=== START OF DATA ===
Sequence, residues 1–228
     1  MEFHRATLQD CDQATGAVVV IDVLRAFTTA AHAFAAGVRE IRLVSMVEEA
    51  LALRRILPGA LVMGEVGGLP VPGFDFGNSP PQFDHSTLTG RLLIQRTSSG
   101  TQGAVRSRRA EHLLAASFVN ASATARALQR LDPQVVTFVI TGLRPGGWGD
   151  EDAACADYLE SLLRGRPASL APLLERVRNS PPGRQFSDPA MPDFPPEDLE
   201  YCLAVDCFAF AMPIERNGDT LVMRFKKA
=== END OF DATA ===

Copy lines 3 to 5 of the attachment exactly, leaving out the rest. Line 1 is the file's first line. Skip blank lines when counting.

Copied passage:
    51  LALRRILPGA LVMGEVGGLP VPGFDFGNSP PQFDHSTLTG RLLIQRTSSG
   101  TQGAVRSRRA EHLLAASFVN ASATARALQR LDPQVVTFVI TGLRPGGWGD
   151  EDAACADYLE SLLRGRPASL APLLERVRNS PPGRQFSDPA MPDFPPEDLE